Thursday, February 17, 2005

I Can't Wait To Be Forgotten

I gave my husband The Marx Brothers Silver Screen Collection for Christmas and last night we watched The Cocoanuts. The movie was made in 1929 and shows how surprisingly primitive early talkies were. It seems like once sound came in Hollywood forgot how to make movies for a while . This movie was one of the two Marx Brother movies made at the Astoria Studios on Long Island. The Brothers filmed during the day and then rushed back to Broadway to do their stage play Animal Crackers at night. This film is so old the video quality of some scenes is terrible and the sound quality poor. In fact, the sound is so bad I was sure all the music was being played on tiny instruments by an ant band.

Since the movie is a film version of their play of the same name it is very stagey. It has fine examples of horrible acting courtesy of a man named Oscar Shaw. It has the worst songs Irving Berlin ever wrote. It has the most awkward dancing you have ever see in a show not put on by The School For The Terminally Clumsy. And it had the Marx Brothers. I haven't laughed out loud at a movie in a long time. I loved the word play. I loved the look on Harpo's face each time he walked away from the table when he heard someone start a boring speech during the dinner party. I loved hearing the "Why a duck?" routine again. I loved Groucho's scenes with Margaret Dumont; who was never quick enough to catch all the insults he hurled at her.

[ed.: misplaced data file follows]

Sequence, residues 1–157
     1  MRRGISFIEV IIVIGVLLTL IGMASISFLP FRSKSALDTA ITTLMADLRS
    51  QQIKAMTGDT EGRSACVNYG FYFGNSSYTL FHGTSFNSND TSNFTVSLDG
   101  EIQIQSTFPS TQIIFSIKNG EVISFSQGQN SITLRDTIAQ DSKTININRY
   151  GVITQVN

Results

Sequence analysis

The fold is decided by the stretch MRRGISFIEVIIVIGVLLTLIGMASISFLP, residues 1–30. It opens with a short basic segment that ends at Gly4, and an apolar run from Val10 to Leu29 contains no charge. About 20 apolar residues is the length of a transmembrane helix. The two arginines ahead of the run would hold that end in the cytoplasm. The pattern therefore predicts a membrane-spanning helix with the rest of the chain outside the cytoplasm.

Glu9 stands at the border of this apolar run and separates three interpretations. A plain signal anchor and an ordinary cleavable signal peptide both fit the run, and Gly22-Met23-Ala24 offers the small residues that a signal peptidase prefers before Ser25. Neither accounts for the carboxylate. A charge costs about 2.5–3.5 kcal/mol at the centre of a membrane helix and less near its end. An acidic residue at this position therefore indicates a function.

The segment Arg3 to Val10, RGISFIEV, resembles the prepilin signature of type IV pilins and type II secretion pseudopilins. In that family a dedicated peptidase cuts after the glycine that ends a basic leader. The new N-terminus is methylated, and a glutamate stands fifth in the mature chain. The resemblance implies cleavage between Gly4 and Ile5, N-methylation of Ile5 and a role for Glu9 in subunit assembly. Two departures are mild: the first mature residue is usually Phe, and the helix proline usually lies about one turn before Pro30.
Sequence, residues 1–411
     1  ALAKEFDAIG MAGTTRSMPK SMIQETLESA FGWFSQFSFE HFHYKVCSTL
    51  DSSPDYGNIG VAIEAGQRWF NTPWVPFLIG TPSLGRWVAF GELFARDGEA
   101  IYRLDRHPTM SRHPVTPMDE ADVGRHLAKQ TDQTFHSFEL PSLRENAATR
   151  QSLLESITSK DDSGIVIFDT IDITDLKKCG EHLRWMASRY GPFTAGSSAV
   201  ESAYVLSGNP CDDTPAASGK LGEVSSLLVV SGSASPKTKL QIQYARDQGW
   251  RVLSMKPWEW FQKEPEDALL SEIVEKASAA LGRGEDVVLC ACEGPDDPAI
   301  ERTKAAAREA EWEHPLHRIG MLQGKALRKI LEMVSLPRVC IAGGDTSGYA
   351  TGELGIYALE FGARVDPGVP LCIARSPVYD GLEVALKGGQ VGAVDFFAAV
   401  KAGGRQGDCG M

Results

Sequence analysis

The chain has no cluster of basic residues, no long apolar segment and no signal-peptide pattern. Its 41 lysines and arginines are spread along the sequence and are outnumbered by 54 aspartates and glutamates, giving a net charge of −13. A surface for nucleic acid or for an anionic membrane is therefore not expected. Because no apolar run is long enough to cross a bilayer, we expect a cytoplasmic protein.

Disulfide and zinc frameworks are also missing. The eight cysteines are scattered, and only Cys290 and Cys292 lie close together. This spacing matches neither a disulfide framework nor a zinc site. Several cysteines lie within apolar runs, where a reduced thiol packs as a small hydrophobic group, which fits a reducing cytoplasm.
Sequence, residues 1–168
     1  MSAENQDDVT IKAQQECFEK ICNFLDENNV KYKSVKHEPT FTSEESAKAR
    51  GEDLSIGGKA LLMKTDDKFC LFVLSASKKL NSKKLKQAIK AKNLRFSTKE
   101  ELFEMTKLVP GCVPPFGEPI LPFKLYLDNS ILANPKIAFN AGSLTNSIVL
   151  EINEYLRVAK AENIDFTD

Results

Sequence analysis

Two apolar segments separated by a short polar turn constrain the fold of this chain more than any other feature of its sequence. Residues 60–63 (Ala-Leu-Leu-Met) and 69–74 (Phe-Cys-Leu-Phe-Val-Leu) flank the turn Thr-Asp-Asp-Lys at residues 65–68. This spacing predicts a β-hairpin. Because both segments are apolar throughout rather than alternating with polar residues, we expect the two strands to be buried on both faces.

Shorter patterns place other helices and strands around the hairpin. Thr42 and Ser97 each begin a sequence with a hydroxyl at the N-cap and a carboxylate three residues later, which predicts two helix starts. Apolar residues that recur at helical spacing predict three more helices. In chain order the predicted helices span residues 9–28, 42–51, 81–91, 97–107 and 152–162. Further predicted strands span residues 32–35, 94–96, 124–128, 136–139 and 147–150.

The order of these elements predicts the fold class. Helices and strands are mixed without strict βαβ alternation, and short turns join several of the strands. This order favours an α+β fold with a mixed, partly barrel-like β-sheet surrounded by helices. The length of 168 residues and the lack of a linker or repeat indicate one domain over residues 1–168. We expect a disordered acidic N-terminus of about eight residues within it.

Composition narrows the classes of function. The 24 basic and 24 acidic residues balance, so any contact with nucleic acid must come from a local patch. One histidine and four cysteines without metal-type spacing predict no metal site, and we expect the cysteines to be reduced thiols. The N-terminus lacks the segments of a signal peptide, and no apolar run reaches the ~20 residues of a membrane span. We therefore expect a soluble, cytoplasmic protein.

Then there was Kay Francis. Most people have never heard of her but she was a big star in the thirties. The Cocoanuts was her first movie. It is said her career went into a decline when Warner Brothers signed Bette Davis. After this the studio's focus was on Davis instead of Francis. Turner Classic Movies had a Kay Francis Month and ran several of her films. I managed to see three; Jewel Robbery(1932) with William Powell; Trouble in Paradise (1932) with Hebert Marshall and Miriam Hopkins; and King Of The Underworld(1939) with Humphrey Bogart. In all she played a smart, breezy, sophisticated woman who could handle anything; just the kind of parts Bette Davis played. By 1946 her movie career was over.

My life? Well, I get up at a quarter to six in the morning if I'm going to wear an evening dress on camera. That sentence sounds a little ga-ga, doesn't it? But never mind, that's my life...As long as they pay me my salary, they can give me a broom and I'll sweep the stage. I don't give a damn. I want the money...When I die, I want to be cremated so that no sign of my existence is left on this earth. I can't wait to be forgotten."
-From Kay Francis's Private Diaries, Circa 1938

Trailers for three Kay Francis movies from Turner Classic Movies:
Jewel Robbery
Mary Stevens, MD
King Of The Underworld

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